One of the first and most important—for me, at the time—lessons I learned when I first started taking film criticism classes in college was that plot and story are two different things. There are, or course, many ways of talking about the differences, but for me, it comes down plot being what happens and story being what it means. Up to that point, I had naïvely assumed they were the same, which—of course—they are not.
I bring this lesson up now as I read through yet another “review” that is really just a plot summary. I feel like this is what the majority of film/TV criticism has become in the internet era… recap posts dressed up with a few complaints about how this or that plot point does not make sense.
Actual criticism is hard, so it makes sense that as the quantity of media commentary has exploded over the last twenty years, the vast majority of it is padded out with plot-recap style posts. There is nothing inherently wrong with this sort of stuff; it can be helpful when every TV show is an extended serialized narrative and you don’t want to have catch up on all the previous seasons’ worth of stuff, or when you can’t remember the details of the previous season’s finale and want to a refresher before the new season starts. That’s what Wikipedia is for, though.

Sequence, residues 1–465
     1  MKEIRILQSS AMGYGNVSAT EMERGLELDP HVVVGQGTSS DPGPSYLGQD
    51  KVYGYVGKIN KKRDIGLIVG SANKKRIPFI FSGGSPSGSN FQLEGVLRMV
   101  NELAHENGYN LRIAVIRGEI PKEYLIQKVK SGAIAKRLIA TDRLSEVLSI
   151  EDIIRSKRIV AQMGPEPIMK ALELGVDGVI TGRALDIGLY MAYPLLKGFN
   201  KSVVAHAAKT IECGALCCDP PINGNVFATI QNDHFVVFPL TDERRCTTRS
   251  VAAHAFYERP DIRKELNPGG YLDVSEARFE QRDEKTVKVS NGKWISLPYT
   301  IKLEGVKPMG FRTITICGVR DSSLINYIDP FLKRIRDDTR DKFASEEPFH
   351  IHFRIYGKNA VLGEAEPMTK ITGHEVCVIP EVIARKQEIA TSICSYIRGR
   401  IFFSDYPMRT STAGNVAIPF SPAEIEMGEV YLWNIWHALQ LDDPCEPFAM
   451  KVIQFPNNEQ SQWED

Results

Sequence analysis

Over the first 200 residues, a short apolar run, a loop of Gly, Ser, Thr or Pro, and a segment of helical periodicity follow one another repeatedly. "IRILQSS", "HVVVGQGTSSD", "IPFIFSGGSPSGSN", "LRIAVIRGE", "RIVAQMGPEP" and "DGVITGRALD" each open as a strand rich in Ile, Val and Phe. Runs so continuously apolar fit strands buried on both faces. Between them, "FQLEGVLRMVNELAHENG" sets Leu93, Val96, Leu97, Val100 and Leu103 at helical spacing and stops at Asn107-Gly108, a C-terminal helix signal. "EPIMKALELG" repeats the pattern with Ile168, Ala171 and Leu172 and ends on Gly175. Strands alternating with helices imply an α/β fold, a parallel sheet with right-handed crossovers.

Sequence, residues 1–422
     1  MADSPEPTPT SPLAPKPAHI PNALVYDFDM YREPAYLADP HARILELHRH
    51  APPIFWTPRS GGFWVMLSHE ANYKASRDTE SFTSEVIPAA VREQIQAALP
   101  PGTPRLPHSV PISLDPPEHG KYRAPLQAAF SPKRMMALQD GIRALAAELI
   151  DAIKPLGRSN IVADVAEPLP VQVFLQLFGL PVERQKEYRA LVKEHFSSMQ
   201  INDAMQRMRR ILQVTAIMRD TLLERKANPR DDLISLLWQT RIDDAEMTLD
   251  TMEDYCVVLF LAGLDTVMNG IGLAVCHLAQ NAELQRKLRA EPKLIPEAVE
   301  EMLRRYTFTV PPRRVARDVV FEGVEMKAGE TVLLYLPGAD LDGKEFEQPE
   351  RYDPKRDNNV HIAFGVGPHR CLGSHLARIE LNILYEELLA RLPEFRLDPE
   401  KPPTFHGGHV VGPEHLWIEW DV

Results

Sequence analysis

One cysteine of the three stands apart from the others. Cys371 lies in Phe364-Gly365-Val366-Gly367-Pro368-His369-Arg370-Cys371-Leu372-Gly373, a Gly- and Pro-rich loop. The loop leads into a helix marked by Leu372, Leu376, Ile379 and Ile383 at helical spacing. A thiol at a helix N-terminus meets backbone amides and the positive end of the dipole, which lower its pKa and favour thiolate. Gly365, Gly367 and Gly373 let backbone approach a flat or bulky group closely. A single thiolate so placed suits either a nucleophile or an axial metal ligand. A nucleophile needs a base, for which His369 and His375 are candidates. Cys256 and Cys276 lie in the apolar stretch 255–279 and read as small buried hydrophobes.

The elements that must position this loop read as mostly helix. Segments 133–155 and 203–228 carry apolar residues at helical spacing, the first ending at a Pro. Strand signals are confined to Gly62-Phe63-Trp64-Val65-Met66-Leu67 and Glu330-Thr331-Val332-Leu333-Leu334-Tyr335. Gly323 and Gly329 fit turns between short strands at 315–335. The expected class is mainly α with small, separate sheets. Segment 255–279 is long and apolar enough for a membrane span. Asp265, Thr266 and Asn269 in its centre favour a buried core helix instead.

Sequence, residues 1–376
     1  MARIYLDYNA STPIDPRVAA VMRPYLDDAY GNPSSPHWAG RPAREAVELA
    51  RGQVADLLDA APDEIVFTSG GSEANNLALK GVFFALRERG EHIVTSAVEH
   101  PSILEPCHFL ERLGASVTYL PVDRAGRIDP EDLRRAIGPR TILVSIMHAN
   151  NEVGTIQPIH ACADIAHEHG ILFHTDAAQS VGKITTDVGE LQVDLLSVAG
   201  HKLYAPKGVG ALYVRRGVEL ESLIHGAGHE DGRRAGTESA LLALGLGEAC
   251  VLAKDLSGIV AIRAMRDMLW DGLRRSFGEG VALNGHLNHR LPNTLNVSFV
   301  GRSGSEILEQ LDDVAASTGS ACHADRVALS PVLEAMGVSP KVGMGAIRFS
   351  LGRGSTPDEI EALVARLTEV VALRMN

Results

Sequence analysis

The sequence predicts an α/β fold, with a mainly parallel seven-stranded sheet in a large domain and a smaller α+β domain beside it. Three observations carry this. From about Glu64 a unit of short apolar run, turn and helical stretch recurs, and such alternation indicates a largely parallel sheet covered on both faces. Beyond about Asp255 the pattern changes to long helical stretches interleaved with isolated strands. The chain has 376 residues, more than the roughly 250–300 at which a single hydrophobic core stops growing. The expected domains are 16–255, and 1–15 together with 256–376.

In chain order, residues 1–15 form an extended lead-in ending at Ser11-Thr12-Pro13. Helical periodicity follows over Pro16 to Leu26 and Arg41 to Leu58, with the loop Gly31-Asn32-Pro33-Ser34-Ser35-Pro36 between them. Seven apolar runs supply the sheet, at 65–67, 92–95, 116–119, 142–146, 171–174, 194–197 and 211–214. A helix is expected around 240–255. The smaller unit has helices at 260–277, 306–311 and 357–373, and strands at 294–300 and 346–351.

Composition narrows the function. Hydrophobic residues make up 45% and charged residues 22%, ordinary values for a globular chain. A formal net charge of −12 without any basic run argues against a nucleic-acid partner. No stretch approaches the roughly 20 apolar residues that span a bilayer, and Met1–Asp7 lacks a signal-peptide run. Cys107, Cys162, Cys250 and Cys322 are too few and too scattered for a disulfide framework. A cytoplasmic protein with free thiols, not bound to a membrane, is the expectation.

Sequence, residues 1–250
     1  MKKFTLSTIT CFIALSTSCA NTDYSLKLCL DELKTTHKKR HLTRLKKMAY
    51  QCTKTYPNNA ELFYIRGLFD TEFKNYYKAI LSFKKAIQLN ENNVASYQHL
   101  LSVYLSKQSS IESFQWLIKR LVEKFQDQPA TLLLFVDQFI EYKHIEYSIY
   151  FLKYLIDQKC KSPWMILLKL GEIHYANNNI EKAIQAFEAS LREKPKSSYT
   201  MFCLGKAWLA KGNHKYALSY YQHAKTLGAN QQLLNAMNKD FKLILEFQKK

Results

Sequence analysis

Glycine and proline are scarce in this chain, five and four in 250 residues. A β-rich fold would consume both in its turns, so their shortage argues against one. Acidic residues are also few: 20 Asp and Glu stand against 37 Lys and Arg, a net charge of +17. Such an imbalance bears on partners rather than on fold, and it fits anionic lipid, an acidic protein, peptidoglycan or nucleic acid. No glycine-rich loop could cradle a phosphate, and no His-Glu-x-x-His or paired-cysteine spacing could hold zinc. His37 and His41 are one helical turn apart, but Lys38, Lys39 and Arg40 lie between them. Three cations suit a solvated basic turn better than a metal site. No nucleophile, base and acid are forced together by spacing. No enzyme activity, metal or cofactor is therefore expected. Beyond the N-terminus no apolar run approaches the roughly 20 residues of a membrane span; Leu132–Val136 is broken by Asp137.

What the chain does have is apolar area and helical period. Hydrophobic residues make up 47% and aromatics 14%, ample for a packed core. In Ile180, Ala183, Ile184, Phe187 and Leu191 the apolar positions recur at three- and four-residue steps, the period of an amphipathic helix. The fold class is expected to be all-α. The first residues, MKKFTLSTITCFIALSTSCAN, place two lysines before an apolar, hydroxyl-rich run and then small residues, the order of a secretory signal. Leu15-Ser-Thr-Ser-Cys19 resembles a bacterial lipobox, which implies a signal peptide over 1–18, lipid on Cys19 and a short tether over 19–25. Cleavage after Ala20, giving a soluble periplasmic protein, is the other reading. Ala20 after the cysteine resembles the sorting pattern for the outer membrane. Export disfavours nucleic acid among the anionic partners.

The problem is that we now seem to be at point where not only the majority of media commentary consists of plot recaps, but where this is what people have come to expect from such commentary. The vast majority of what passes for movie and TV reviews on the web—especially on YouTube—are now amateurs with little understanding of film as an art form or as literature. They want plots that make sense, and characters who do what is expected within those plots.
While I am not that worried about someone being wrong about something on the internet, I do find it concerning when the mass and volume of such wrongness grows large enough to influence the art form itself.